Legalising euthanasia could lead to the erosion of rights for disabled people who choose to live, according to disability rights advocates.
Disability Rights Commissioner Paula Tesoriero said the End of Life Choice Bill undermines years of work to change perceptions of disabled people in New Zealand and poses significant risks to them.
The risks included inadequate safeguards for disabled people with incurable medical conditions, whose lives could be devalued and at worst, coerced into choosing an early death.
"It's my role to reflect the concerns of the disability community and what I am hearing is that there are significant concerns about this Bill, particularly the inclusion of grievous and irremediable (but non-terminal) medical conditions," Tesoriero said.
She outlined her concerns regarding the End of Life Choice Bill in a submission to the Justice Select Committee.
"Much of the discussion so far has centred around the Bill allowing people with a terminal illness to end their life on their own terms.
"However, this Bill has wider implications for the disability community - it is not just limited to terminal illness."
She said it was imperative that all people have the same freedom of choice in life before New Zealand considers legislating choice in death.
"The Bill does not reflect the reality for many disabled New Zealanders and undermines many years of hard work by disability advocates to change the way that society thinks about disability.
"Before we start talking about how disabled people can end their lives, we should be talking about how they can be supported to live their lives to their fullest potential," she said.
Her key recommendations were that:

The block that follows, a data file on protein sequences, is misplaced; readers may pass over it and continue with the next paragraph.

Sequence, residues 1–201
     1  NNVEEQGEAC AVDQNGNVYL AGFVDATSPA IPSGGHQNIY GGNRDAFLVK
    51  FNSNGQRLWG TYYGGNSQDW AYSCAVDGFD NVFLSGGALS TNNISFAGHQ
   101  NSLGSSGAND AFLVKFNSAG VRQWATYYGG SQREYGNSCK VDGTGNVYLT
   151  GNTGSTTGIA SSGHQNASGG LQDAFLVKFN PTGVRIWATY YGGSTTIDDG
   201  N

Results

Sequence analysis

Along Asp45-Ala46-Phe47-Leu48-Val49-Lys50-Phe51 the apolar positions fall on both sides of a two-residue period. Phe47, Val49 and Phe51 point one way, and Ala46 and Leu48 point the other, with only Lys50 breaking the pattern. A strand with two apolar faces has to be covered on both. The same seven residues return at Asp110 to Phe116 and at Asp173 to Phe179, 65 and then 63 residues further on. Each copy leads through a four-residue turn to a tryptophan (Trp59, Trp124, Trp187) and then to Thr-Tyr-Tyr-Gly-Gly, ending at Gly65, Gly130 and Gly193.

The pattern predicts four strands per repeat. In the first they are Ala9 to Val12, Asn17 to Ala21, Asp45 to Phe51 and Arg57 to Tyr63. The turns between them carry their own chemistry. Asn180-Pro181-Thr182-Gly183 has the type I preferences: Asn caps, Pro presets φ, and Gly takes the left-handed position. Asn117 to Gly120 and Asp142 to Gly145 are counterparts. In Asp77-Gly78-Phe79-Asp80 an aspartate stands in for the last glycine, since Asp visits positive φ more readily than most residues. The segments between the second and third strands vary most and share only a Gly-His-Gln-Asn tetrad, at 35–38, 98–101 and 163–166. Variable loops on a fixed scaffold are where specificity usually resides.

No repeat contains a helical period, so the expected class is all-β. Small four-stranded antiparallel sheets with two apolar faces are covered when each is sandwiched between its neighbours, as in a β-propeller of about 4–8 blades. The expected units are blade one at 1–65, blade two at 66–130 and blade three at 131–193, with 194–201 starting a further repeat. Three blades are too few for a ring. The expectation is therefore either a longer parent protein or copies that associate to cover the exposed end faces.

• The Bill should not be passed into law in its current form;
• The process and proposed safeguards outlined in the Bill are inadequate;
• The Bill does not protect the interests of disabled and vulnerable members of the community;
• It contains insufficient provisions and protections around the provision of appropriate information, informed consent, assessing capacity, and determining if undue influence or coercion exist.
There was also no "cooling off" period and the oversight and approval mechanisms are inadequate, she said.
Tesoriero said legislative change in relation to end of life choice cannot be considered in isolation from the standard and current services and resources available to those who experience serious but non-terminal conditions or palliative care services.
"In its current form, the Bill undermines the position of disabled and vulnerable members of our community. It devalues their lives and poses significant risks to them, as individuals and as a group.
"This Bill falls far short of the mark. If a bill is to be passed in some form, it is vital that the concerns I have outlined are addressed in full consultation with the disability community."
Her concerns have been echoed by IHC, which said the Bill links assisted dying, quality of life and disability.
IHC Director of Advocacy Trish Grant said the Bill's stated purpose, to give "people with terminal illness or a grievous and irremediable medical condition" the option of requesting assisted dying had far wider implications than intended for people with disabilities, placing them at undue risk.
"The bill's current wording around 'grievous and irremediable medical conditions' is ambiguous and implies that the burden of any kind of medical condition could be justification for ending someone's life," Grant said.
"Further, the Bill assumes all people in New Zealand have access to the same level of care and support to enable them to have the best quality of life and therefore able to make an informed choice about their right to die.
"But we know people with disabilities do not receive the same level of care and support."
People with disabilities have some of the worst health outcomes in New Zealand, with higher rates of potentially preventable deaths, mental health conditions, and early onset age-related health issues.
Men and women with intellectual disability live, respectively, 18 and 23 years shorter than the general population, she said.
"The unintended consequences of the Bill need to be acknowledged and remedied before any comprehensive decision on the Bill's merits can be made."